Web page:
Current Students

Resumes

Student and Recent Graduate Overview
Your resume is one of many tools to help you express your interest in specific job and internship opportunities. The purpose is to provide a snapshot of your education and experiences, giving the recruiter a concise picture of what you have to offer.

Review the Student and Recent Graduate Resume Samples and the General Guidelines below to assist you in developing your resume. Have your resume reviewed by a career advisor prior to submitting it.
Types of Resumes
There are several basic types of resumes used to apply for job openings. Depending on your personal circumstances, choose a chronological or a functional format.

Chronological Resume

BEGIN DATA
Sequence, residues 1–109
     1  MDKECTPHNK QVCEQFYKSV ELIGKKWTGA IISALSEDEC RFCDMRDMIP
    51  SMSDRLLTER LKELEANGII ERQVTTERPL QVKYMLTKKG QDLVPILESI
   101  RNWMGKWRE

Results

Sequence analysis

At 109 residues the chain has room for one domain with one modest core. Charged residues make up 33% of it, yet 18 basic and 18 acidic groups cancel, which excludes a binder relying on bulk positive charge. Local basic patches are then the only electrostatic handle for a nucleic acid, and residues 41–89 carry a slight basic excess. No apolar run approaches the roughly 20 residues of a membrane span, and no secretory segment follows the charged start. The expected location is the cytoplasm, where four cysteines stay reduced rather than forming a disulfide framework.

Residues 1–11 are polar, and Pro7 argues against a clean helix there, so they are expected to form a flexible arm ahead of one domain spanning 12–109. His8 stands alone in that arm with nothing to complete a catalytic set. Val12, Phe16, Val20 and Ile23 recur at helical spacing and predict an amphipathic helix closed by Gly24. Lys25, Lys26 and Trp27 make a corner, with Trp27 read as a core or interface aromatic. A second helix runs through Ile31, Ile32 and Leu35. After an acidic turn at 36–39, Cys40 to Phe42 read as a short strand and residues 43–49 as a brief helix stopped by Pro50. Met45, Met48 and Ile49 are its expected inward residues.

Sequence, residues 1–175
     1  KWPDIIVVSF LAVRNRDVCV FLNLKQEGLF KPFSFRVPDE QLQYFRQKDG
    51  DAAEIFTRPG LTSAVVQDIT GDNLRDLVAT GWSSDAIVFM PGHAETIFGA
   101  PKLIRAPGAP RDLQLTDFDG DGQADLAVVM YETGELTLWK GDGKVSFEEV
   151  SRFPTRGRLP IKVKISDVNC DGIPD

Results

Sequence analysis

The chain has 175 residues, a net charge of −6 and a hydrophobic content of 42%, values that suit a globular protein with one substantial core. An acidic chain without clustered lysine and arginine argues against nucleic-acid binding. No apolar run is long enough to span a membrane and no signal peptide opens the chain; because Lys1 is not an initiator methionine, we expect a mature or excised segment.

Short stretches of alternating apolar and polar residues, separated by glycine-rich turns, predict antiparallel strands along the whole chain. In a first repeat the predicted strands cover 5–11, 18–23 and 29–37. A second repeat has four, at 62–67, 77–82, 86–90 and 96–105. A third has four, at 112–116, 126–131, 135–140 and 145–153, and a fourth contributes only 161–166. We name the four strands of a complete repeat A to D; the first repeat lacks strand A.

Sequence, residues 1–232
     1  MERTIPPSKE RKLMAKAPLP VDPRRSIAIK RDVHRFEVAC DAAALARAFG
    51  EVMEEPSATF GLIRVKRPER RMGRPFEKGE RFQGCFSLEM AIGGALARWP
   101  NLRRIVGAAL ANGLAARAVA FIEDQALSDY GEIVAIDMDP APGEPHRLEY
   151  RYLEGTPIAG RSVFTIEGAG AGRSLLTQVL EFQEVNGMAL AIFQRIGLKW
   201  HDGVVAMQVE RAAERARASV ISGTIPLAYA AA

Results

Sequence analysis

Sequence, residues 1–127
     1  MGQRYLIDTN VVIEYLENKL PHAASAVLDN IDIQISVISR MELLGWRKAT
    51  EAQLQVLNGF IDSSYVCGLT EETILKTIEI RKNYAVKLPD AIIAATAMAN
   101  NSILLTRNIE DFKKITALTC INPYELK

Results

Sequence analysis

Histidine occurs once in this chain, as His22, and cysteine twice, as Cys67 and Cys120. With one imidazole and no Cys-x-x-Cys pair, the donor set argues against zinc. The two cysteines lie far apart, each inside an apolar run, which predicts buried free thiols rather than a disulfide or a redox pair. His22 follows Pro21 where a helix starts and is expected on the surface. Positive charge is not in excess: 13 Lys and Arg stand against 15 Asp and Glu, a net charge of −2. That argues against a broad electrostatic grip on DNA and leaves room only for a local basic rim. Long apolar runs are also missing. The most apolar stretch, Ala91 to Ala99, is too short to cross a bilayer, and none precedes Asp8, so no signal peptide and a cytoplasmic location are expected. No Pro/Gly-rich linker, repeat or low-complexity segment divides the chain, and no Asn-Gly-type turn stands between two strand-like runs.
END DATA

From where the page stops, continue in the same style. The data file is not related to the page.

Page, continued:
A chronological resume starts by listing your educational qualifications (degree/s), work history, with the most recent listed first. Your jobs are listed in reverse chronological order with your current or most recent job, first. Employers typically prefer this type of resume because it's easy to see your highest qualification and your employment history.

Functional Resume

A functional resume focuses on your skills and experience, rather than on your chronological education and work history. It is used most often by people who have lots of relevant work experiences, or are changing careers and need to emphasize their skills and aptitudes, or who have gaps in their employment history.
Samples General Guidelines

Heading

  • Your heading should include your name, campus and/or home address, phone number and USEK email address. The font size on your name may be larger than the rest of the text.

Education

  • Begin your resume with an education section, listing your USEK degree first and your high school education second. If you have studied abroad you may also list that in this section.